Christian Heuristics

Before we begin, allow me to shell out five dollars for that word. I have to do that every time I use it (which isn't often), but it's worth it.

From a Greek root meaning "to find or seek out", the heuristic way of life is indeed a rewarding one. Think of it as a trial-and-error process of making your way through the world--with the information God has revealed--and an open mind and heart for more.

As Christians, having taken in the information of God's existence and Jesus' atonement and love for us, where do we go from there? Do we, as Jiminy Cricket exhorts, "always let our conscience be our guide"? Sure. But that's not quite enough. Conscience is subjective, each individual's being more-or-less sensitive than the another's. As Jesus said, the Holy Ghost "shall teach you all things..." (John 14:26). He "searches all things, yea, the deep things of God" (1 Corinthians 2:10). This thrills me to no end. To know that there are vast vistas and depths to God's love and character and creation that He will reveal to anyone who will humble themselves and be "led by the Spirit of God." (Romans 8:14). And don't think me New Agey (we'll get into that in a moment) or weird. It's going to take us all of eternity to know God the Father. And as we are living for eternity right now, why not get to know Him as well as we can--right now?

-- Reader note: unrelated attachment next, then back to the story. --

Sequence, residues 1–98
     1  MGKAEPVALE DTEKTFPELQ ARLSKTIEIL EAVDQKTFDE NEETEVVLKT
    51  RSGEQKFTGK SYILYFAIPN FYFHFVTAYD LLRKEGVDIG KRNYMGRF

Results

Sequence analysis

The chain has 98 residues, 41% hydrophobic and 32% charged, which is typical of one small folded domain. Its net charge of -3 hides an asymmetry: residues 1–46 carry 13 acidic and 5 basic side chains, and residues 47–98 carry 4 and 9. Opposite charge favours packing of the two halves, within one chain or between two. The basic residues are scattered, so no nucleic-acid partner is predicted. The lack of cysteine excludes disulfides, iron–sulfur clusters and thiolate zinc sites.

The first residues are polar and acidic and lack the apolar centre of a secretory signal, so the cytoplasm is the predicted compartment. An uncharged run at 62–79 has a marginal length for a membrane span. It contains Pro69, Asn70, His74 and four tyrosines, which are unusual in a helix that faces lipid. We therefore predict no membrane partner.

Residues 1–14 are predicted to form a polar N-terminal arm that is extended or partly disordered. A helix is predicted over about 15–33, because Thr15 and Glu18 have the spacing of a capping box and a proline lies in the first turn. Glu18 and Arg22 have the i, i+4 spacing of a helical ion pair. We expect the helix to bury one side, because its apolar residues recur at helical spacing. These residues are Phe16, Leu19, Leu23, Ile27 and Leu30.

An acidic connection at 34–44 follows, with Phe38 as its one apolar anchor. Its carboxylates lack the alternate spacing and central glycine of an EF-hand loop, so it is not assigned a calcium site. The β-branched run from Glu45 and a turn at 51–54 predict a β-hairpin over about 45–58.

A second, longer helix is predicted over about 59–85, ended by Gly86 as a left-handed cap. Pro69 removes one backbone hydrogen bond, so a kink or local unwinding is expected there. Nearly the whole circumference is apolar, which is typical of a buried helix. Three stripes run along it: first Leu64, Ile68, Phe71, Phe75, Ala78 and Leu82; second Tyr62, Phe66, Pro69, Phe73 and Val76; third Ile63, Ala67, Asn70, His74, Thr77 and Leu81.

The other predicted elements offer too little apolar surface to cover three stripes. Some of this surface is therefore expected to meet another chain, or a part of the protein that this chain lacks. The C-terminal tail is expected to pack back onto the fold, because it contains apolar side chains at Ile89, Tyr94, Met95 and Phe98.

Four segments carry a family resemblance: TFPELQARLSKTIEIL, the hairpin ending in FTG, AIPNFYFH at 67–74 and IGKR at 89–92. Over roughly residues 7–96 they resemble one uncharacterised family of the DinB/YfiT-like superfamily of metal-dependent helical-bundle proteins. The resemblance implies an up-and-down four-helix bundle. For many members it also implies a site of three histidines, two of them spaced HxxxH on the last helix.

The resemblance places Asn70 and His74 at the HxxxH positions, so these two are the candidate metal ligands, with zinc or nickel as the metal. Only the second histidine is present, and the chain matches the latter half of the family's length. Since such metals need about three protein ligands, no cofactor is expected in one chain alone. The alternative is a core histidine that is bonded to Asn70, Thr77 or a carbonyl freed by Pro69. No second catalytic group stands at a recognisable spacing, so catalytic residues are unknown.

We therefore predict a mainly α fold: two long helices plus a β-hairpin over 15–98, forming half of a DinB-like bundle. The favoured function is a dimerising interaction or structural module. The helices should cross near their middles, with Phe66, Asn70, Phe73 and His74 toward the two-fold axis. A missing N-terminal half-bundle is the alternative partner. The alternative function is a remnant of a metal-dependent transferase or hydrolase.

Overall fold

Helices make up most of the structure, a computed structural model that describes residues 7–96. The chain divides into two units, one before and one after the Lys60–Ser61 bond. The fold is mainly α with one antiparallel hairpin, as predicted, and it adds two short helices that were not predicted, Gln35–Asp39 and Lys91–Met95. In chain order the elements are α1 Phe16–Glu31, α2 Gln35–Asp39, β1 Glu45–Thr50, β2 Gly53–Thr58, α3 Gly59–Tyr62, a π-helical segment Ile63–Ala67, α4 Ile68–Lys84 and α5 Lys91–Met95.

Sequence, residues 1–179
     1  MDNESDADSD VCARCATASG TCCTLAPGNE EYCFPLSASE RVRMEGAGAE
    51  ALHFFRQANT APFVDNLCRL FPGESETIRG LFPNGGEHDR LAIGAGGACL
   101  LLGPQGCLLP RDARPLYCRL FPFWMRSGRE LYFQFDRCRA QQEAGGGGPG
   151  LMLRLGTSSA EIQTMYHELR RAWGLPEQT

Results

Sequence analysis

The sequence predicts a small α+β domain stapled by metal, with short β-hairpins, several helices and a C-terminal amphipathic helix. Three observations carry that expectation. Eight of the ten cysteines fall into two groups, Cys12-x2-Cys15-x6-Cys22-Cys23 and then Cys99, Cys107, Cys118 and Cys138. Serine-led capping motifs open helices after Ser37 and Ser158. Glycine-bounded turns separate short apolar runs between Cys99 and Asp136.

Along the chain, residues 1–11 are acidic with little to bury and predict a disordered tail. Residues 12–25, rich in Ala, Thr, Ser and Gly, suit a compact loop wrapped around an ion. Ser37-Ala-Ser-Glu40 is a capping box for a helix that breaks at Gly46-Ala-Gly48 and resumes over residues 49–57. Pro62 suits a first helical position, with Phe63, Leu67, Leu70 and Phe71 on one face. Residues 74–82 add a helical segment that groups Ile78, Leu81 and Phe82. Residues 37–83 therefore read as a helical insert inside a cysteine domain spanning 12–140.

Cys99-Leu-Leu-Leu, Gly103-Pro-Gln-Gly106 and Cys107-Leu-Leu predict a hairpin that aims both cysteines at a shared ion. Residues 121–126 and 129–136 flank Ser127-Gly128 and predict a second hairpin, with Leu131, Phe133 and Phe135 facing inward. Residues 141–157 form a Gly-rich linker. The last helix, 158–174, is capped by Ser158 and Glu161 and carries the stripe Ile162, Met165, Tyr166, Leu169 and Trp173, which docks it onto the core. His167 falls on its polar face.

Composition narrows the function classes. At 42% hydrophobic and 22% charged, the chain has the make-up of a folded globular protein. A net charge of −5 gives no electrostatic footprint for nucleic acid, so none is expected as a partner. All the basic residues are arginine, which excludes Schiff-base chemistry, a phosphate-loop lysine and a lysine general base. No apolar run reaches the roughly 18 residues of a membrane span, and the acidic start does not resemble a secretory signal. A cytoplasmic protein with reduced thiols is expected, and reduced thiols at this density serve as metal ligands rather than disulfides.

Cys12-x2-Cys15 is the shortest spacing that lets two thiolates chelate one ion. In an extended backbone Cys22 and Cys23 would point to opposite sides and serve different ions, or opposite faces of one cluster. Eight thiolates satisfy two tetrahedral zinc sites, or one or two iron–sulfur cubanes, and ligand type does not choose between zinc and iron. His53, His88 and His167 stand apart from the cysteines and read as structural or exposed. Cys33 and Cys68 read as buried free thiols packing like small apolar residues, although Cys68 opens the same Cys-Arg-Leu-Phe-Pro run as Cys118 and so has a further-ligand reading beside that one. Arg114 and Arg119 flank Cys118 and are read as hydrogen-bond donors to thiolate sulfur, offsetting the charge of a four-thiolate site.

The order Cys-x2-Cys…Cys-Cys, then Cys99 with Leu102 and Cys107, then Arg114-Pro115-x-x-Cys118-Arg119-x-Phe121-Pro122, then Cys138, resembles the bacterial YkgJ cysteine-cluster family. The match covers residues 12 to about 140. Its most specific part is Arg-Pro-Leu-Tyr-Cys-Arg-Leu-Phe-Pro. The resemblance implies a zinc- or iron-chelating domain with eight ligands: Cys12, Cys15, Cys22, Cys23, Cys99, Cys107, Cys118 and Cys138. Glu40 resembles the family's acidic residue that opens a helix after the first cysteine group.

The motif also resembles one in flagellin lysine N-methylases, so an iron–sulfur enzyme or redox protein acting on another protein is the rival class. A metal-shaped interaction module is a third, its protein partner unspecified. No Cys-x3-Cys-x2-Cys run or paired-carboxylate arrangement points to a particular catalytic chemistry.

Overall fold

One Thing

The subtitle of Carl Sagan's book "The Demon-Haunted World" reads: "Science as a Candle in the Dark". This is a heuristic process. Taking what we know of the natural world and using that knowledge to illumine the inherent mysteries of life. Just the physical, mind you. He, in his video series entitled "Cosmos", proclaims with robust confidence that "the universe is all that is, and was and ever will be." I see what he's saying yet through his unbelief and unwillingness to consider more information, he missed God completely. Scientific Materialism is not all there is. Take in more information.

Leads to

Yet the spiritual divorced from fellowship with Jesus is just as dangerous, if not more so. Case in point: Rudolf Steiner, founder of the Waldorf School and also the discipline of Anthroposophy purports that through it, we can (heuristically) seek out and understand the divine mysteries--on our own. Wait a minute. Paul says that things are "revealed unto His holy apostles and prophets by the Spirit (Ephesians 3:5, emphasis mine). Without the Holy Spirit as our guide, we most definitely be led astray and deceived. Again, the information of Jesus and what He did for us on the cross is ignored and passed over. When we don't (heuristically) take everything to God by "acknowledging Him in all our ways", (Proverbs 3:5-6) then we shut out the illumination of the Holy Spirit in our lives.


Don't ever stop being curious. Curiosity is a gift from God. If you need answers, however, then invite God with you on your quest, taking each piece of revealed information and letting God build you up. But before you go, come to Jesus and, as He says in Matthew (11:28), take my yoke upon you, and learn of me. " Be willing to sit and listen first. And He will either fulfill your curiosity as He did for Daniel (10:12) and Jeremiah (33:3) or lay it to rest for another time with His peace "which passeth all understanding." (Philippians 4:7)

"The secret of the Lord is with them that fear Him; and He will shew them his covenant." (Psalm 25:14)

And here's twenty bucks.

Turf (Sea Change part 1)

Abscissio Infiniti